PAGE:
Ukraine—continue to grapple with daunting social, economic, and
Wood energy expanding due to policy promotion in the UNECE region 22 April 2005
The United Nations Economic Commission for Europe (UNECE) just released the UNECE/FAO Forests, Wood and Energy: Policy Interactions. It examines the impacts of energy, environment and forest policy on new and traditional forest products markets in the UNECE region of Europe, North America and the CIS countries.
ILO/WHO to develop joint guidelines on health services and HIV/AIDS 19 April 2005
Representatives of the International Labour Organization (ILO) and the World Health Organization (WHO) will join forces in Geneva on 19-21 April for a tripartite meeting of experts (1) to develop new guidelines to protect the safety of health workers involved in the worldwide struggle against HIV/AIDS.
Benefits and risks of globalized livestock markets 18 April 2005
Globalized livestock markets can increase national income and improve
nutrition, but they are also posing potential risks to livelihoods, human health
and the environment. The livestock sector, traditionally based on local
production and consumption, supports the livelihoods of an estimated 600 million
rural poor, FAO said in a report submitted to the agency's Committee on
Agriculture, meeting in Rome from 13-16 April 2005.
New UN report outlines indicators for sustainable energy use 17 April 2005
A publication outlining key indicators for sustainable energy use, jointly prepared by the United Nations Department of Economic and Social Affairs (UNDESA), the International Atomic Energy Agency (IAEA), the International Energy Agency, Eurostat and the European Environment Agency, was launched last week by the IAEA in Vienna.
Election of FAO Director-General - Dr Diouf sole candidate 15 April 2005
Director-General of the Food and Agriculture Organization (FAO), Dr. Jacques
Diouf, will be the sole candidate in the November 2005 election for head of the
UN agency, FAO announced. Dr. Diouf was nominated by his country Senegal and
co-sponsored by Mali. At the date of closure of nominations on 8 April 2005, no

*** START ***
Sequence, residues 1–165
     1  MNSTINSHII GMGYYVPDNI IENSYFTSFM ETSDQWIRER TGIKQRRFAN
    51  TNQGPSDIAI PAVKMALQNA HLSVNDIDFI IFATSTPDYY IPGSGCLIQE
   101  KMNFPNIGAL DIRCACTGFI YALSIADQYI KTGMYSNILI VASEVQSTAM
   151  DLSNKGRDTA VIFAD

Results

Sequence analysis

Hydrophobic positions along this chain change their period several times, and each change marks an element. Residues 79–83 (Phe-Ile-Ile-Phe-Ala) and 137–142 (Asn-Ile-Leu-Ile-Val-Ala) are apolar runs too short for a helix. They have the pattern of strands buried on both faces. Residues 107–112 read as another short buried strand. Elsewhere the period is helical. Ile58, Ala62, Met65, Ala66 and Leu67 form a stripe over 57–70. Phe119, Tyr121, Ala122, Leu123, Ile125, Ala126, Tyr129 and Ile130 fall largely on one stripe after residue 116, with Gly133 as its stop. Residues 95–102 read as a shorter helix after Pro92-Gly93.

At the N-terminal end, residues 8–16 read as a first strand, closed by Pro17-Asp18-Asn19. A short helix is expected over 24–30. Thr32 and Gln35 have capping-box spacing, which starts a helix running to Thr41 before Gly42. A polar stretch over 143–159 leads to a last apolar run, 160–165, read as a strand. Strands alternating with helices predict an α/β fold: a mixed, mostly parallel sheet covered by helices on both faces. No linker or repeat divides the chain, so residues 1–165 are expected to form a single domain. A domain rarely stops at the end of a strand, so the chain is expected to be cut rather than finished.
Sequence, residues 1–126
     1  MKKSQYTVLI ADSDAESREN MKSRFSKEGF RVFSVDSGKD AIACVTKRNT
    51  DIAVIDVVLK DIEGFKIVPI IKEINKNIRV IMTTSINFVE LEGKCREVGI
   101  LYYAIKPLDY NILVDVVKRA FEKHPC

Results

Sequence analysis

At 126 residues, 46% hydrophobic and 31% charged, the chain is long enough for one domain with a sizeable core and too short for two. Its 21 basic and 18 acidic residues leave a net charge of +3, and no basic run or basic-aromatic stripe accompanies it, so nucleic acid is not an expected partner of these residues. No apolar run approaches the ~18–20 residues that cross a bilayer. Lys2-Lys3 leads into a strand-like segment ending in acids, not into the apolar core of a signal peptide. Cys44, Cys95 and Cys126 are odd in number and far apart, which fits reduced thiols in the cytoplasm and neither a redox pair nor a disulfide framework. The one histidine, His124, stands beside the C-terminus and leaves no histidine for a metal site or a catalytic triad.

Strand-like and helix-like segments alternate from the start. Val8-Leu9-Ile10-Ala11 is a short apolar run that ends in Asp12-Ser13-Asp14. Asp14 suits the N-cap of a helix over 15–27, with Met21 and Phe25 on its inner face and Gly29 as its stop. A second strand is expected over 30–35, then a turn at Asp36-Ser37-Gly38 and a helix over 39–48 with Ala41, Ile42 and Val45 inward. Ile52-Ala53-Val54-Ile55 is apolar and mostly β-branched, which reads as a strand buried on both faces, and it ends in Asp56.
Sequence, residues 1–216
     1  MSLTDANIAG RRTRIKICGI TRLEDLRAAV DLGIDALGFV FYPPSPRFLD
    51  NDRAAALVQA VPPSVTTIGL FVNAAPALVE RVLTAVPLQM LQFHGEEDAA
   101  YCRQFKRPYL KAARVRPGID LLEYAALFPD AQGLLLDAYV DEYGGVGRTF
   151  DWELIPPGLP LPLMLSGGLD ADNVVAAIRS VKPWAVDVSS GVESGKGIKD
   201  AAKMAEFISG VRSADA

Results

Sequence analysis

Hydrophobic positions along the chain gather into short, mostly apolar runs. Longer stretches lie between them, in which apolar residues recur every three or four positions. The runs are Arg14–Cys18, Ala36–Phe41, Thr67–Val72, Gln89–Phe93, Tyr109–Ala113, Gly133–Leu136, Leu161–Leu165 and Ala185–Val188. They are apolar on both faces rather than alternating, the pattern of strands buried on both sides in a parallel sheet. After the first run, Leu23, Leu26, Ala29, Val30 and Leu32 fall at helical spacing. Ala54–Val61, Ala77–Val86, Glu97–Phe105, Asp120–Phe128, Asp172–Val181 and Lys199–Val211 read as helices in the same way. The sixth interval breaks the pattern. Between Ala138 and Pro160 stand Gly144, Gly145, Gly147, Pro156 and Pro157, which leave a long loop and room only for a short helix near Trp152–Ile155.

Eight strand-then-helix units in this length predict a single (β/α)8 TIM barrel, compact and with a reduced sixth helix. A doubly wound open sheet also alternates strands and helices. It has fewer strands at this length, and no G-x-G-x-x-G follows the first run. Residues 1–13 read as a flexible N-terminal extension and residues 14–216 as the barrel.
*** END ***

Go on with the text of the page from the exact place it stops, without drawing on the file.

other country had presented a candidate.
UN Expert Group Meeting in Vienna calls for measures to stop illicit drug trade through Internet 14 April 2005 | WHO
Illicit trade of controlled drugs through the Internet was the topic of an expert group meeting organized by the International Narcotics Control Board (INCB) in Vienna from 11 to 13 April 2005. The meeting concluded that serious national and international efforts were urgently required to counteract the illicit trade of controlled drugs through the Internet, in order to prevent an increasing risk of misuse of controlled substances by children and adolescents, and to protect individual consumers and public health.
WHO report calls for new approach to save lives of mothers and children 08 April 2005 | WHO
Hundreds of millions of women and children have no access to
potentially life-saving care with often fatal results, the WHO says in a report
published last week. The report says the resulting death toll could be sharply
reduced through wider use of key interventions and a "continuum of care"
approach for mother and child that begins before pregnancy and extends through
childbirth and into the baby's childhood.
FAO forecasts good world cereal crop for 2005 07 April 2005
the world cereal crop is forecast at 1 971 million tonnes, including rice in
milled terms, according to the April issue of FAO's Food Outlook. That is above
the average of the past five years, but down slightly on last year's record
level. According to the report, the forecast was based on "conditions of crops
already in the ground and planting intentions for those still to be sown later
this year and assuming normal weather for the remainder of the 2005 cropping
UN Millennium Ecosystem Assessment Report warns worsening ecosystem changes put Millennium Development Goals at risk 04 April 2005 | UNDP
A recently launched report co-sponsored by UNDP, entitled Millennium
Ecosystem Assessment (MA) Synthesis Report, reveals that 60 per cent of the
ecosystem services such as fresh water, fishery and air and water regulation are
putting pressure on the planet’s capacity to sustain future generations. The
assessment “points the way towards the measures that all sectors of society must
take if we are to eradicate poverty, sustain growth and achieve the Millennium
Development Goals,” says UNDP Administrator and the UN Secretary-General’s Chef
de Cabinet Mark Malloch Brown.
United Nations condemns irresponsible attack on antiretroviral therapy 31 March 2005 | WHO
A recent advertising campaign is touting the benefits of vitamin
therapy above antiretroviral therapy and claiming that antiretroviral therapy is toxic. These
advertisements are wrong and misleading, said the World Health Organization (WHO), the
United Nations Children’s Fund (UNICEF) and the Joint United Nations Programme on
The Ministerial Meeting on an “Urgent Response to the HIV/AIDS epidemics in the CIS” 28 March 2005
Ministerial Meeting on an “Urgent Response to the HIV/AIDS epidemics in the
Commonwealth of Independent States” will take place on Thursday 31 March, and
Friday 1 April in Moscow, Russia. The purpose of the meeting is to raise
awareness of the impact of HIV/AIDS in the CIS; to clarify policy and
programmatic responses; to demonstrate national political commitment vis-a-vis